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Danny Torres, New President of Comunidad Hebrew en San Miguel de Allende

C and D 1

By Carole Stone

The Comunidad Hebrew en San Miguel de Allende (CHESMA), a nonprofit interdenominational Jewish community organization whose members get together for cultural events, movies, lectures, dinners, and religious services, recently got a new president, Danny Torres. Torres agreed to sit down with me and explain a bit about what CHESMA is all about.

Carole Stone: Danny, you’re the new president of CHESMA. How does that feel?

Danny Torres: It’s very exciting. I’m happy to be a part of CHESMA, to give back to it.

CS: Who can join CHESMA?

DT: Anyone, Jewish or not, who has an interest in Jewish culture and Jewish learning. In fact, all are welcome to attend our religious services, no matter what their religion.

CS: Why would someone join CHESMA?

DT: Our existence is to provide for the social, intellectual, cultural, and religious needs of the Jewish community of San Miguel de Allende and promote Jewish culture to those who are interested. We also have an amazing library that includes books in Spanish, English, and Hebrew on all aspects of Judaism.

CS: What about your membership?

DT: Our membership is very diverse. Some are religious, some secular, some are Mexican and others are North American. Some are professional. We have old and young, men, women, and some children.

CS: What about your religious services?

DT: CHESMA is an umbrella organization. There are many activities falling under our umbrella. We hold many different types of diverse religious services and would love to hold more. Some of our services are traditional Conservative services, since we affiliate with the United Synagogue of Conservative Judaism (USCJ), but we also host Reform and Renewal services. In addition, we offer meditative services.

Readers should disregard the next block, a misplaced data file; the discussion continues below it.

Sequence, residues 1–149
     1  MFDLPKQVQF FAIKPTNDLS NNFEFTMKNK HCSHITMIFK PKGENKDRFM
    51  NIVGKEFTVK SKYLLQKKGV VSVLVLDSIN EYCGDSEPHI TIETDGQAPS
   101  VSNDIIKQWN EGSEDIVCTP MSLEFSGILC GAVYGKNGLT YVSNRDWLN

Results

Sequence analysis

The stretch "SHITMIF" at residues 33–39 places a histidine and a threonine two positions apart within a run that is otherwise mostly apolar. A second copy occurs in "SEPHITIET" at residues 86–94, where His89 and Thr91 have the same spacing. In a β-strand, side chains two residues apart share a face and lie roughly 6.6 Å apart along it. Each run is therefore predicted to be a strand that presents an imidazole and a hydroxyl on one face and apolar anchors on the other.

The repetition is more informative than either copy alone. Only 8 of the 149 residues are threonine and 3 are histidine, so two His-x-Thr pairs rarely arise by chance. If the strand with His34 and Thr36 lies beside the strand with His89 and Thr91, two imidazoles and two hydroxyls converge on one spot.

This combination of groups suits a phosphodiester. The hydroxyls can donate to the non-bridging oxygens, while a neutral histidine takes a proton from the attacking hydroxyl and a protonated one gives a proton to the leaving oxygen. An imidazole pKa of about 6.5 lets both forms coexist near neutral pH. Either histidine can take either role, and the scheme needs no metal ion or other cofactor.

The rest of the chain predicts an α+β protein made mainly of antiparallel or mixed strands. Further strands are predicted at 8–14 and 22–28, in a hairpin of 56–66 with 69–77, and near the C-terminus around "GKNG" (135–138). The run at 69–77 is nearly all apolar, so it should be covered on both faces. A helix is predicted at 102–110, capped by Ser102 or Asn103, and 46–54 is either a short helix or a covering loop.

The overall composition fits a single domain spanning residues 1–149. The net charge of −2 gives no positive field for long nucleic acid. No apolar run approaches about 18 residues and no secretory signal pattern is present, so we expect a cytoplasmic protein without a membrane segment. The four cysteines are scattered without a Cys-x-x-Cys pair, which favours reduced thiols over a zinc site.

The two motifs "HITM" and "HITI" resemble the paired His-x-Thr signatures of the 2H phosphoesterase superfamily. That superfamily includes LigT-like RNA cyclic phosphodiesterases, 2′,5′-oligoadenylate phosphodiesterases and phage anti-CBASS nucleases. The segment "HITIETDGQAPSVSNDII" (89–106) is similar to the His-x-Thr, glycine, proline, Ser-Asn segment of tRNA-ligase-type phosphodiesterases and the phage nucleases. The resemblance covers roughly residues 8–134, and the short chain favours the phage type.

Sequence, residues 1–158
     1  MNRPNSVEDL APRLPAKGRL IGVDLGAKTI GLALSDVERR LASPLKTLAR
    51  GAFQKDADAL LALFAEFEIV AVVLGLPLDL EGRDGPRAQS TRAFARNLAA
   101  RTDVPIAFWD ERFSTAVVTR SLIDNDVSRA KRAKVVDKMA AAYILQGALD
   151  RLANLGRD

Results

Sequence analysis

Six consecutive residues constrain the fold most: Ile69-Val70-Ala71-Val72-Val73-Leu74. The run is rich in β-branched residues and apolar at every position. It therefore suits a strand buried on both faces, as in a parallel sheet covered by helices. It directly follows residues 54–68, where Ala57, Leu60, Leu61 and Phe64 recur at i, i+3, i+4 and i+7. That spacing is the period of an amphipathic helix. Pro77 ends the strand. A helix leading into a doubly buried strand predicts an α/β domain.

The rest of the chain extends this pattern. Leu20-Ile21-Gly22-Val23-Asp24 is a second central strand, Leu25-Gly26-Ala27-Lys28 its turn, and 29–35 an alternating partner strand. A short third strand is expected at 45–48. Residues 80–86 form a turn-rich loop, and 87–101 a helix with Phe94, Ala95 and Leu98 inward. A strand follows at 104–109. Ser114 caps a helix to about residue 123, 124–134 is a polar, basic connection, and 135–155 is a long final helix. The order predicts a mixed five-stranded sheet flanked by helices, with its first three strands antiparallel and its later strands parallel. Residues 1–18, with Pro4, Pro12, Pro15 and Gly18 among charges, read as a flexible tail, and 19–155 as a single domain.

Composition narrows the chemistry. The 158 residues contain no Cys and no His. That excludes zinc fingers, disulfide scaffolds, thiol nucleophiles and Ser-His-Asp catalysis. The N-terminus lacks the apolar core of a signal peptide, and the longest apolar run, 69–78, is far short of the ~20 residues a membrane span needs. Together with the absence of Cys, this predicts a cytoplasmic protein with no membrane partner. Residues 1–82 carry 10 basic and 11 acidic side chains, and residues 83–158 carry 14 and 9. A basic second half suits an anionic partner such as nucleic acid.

Our services are mostly in Hebrew, because we have several languages represented in our community, and Hebrew seems to unify us. Our minhag, our custom, is solidly Conservative. Our services are egalitarian; we encourage women to perform such roles as leading services and reading from Torah that have traditionally been reserved for men until recently. Even our prayer books are gender-neutral—at least in English. It would be awkward to do that in either Spanish or Hebrew, of course.

CS: And your interface with the community-at-large?

DT: We donate a portion of our own income to several local charities. We follow the Jewish custom of donating approximately 10 percent of our income to those less fortunate.

CS: Danny, is there any achievement you’d especially like the people of San Miguel to know about CHESMA?

DT: Yes. We now have the first Jewish cemetery in El Bajio, in which non-Jewish spouses of Jewish members are welcome to be buried next to their loved ones. And we have a Chevra Kadisha—a group of our members who are trained to prepare the remains for burial according to Jewish law if the family requests it.

CS: Anything else of importance?

DT: Because we try to meet the needs of a very diverse group of people, we are always open to suggestions, feedback, and offers to lead any types of groups that aren’t in conflict with our core values.

 

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